Commit 1e2ff0fa authored by Dominic Etienne Charrier's avatar Dominic Etienne Charrier
Browse files

Add some more advanced tableslicer/speedupcalculator usage patterns.

parent 5da2498a
......@@ -532,4 +532,23 @@ optional arguments:
Output file
\end{code}
\paragraph{Computing speedups if table contains different data sets}
If you use \texttt{sweep.py}, you often pipe output from
multiple different runs into the same results folder. Parsing these
outputs will then create a big CSV table containing data sets for multiple orders, mesh sizes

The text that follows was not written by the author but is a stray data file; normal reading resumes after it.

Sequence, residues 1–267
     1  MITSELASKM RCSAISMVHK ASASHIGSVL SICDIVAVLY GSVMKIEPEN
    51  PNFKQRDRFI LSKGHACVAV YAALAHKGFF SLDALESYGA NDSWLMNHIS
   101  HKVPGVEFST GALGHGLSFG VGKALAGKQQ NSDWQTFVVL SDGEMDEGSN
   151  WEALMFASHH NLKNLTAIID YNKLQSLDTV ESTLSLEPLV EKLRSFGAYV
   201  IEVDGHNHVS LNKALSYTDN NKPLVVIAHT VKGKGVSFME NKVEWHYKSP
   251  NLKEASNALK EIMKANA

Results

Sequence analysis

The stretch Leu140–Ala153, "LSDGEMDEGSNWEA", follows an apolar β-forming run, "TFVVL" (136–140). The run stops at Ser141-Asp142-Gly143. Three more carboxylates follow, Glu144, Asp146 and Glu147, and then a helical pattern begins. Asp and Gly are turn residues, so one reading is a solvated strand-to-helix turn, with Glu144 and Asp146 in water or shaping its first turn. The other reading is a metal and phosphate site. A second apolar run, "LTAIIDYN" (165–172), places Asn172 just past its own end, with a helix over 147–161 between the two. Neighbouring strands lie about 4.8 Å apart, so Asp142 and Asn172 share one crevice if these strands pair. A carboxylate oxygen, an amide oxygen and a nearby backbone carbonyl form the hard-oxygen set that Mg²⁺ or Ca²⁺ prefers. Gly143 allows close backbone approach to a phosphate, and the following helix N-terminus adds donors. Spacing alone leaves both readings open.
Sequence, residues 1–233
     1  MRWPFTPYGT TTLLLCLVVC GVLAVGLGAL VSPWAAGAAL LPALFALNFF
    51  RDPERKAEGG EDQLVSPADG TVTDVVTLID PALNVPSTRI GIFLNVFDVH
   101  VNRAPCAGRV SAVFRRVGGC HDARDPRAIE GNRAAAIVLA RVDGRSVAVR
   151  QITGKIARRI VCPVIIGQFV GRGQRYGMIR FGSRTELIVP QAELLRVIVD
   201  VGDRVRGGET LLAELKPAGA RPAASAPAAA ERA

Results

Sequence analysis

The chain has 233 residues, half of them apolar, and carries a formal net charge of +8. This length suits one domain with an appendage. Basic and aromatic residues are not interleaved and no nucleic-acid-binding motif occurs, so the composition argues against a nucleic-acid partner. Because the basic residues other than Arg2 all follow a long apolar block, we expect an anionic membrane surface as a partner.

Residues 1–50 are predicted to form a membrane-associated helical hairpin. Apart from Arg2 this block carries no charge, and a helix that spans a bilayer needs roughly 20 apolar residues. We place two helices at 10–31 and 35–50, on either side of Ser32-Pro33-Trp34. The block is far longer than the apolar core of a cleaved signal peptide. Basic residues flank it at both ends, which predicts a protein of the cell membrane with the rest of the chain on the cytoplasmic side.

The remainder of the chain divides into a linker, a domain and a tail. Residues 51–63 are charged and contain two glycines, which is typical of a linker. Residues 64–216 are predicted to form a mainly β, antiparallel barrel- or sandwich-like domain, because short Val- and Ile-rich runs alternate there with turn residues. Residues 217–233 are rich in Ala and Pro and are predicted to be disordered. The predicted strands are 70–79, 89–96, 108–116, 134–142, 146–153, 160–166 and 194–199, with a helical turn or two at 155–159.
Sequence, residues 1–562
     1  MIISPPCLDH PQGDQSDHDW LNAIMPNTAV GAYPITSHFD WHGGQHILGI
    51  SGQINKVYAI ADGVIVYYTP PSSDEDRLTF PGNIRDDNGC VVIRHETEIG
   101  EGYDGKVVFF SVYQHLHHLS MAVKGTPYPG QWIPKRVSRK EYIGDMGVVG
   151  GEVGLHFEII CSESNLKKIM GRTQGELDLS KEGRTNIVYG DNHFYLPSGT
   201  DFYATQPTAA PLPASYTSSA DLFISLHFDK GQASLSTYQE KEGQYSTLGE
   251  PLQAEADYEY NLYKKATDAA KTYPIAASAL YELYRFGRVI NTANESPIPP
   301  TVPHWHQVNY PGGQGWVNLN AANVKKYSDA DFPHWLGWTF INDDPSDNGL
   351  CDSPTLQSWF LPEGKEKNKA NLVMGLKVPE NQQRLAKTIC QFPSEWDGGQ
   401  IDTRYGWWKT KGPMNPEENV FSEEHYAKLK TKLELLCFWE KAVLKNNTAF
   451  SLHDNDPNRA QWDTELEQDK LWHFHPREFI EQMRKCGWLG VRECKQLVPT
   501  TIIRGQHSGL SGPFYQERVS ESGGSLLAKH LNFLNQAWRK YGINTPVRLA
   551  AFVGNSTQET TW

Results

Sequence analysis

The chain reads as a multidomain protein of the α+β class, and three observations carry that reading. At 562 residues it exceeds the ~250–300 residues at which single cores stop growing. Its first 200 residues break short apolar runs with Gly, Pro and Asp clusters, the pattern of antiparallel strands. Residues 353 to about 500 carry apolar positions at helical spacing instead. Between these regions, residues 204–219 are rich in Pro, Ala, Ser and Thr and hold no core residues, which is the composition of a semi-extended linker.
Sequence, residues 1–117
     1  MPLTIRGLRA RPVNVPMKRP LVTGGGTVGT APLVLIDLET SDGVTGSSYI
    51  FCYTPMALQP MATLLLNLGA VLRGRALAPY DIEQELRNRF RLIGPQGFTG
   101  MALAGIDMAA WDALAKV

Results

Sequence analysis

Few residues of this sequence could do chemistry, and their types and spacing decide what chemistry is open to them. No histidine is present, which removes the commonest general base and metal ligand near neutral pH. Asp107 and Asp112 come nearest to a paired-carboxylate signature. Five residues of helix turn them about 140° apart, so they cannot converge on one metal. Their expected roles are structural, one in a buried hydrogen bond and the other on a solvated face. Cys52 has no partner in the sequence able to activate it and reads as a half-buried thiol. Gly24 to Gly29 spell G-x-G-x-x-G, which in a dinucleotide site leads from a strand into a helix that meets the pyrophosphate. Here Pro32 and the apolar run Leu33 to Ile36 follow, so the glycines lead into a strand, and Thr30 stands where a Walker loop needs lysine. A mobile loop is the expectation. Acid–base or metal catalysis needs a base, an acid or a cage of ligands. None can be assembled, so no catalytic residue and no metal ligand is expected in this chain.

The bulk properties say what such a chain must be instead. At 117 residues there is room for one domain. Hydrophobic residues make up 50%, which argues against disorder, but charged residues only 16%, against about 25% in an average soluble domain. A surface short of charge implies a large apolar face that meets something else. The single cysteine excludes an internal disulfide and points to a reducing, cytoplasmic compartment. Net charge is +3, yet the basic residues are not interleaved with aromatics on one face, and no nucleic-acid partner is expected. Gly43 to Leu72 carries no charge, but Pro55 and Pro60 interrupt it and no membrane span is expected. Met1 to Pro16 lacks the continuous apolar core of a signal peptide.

etc. In this case, you cannot use the speedup calculator tool directly as
it will take the first column as reference value.
Here, a combination of the tableslicer and the speedupcalculator tool can do the trick.
Assume your CSV table contains measurements for multiple polynomial orders and you
want to compute the speedup for a specific one.
In this case you can run, e.g.:
\begin{code}
./tableslicer.py <mypath>/<myproject>-timestep-times.csv --cols order cores realtime_min --filter order=5 | ./speedupcalculator.py
\end{code}
Bash further allows writing for loops. Therefore, you can compute speedups for all considered orders (3,5,7 in our example)
quite easily:
\begin{code}
for o in 3 5 7; do ./tableslicer.py <mypath>/<myproject>-timestep-times.csv --cols order cores realtime_min --filter order=$o | ./speedupcalculator.py; done
\end{code}
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